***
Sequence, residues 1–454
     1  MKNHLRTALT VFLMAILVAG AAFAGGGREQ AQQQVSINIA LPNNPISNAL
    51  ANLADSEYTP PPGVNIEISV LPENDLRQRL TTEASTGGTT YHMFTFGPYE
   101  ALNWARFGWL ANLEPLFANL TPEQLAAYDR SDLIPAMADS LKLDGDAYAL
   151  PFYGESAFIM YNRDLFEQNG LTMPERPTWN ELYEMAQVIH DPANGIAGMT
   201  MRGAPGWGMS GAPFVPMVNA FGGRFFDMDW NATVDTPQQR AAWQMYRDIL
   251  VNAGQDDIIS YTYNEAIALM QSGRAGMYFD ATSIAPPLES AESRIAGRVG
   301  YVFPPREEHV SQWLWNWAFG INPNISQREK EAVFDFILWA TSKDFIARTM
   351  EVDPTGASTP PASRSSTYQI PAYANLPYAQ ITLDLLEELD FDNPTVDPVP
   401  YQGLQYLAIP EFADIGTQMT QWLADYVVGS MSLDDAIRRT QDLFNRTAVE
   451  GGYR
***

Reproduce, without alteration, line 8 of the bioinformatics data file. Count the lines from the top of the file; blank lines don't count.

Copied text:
   301  YVFPPREEHV SQWLWNWAFG INPNISQREK EAVFDFILWA TSKDFIARTM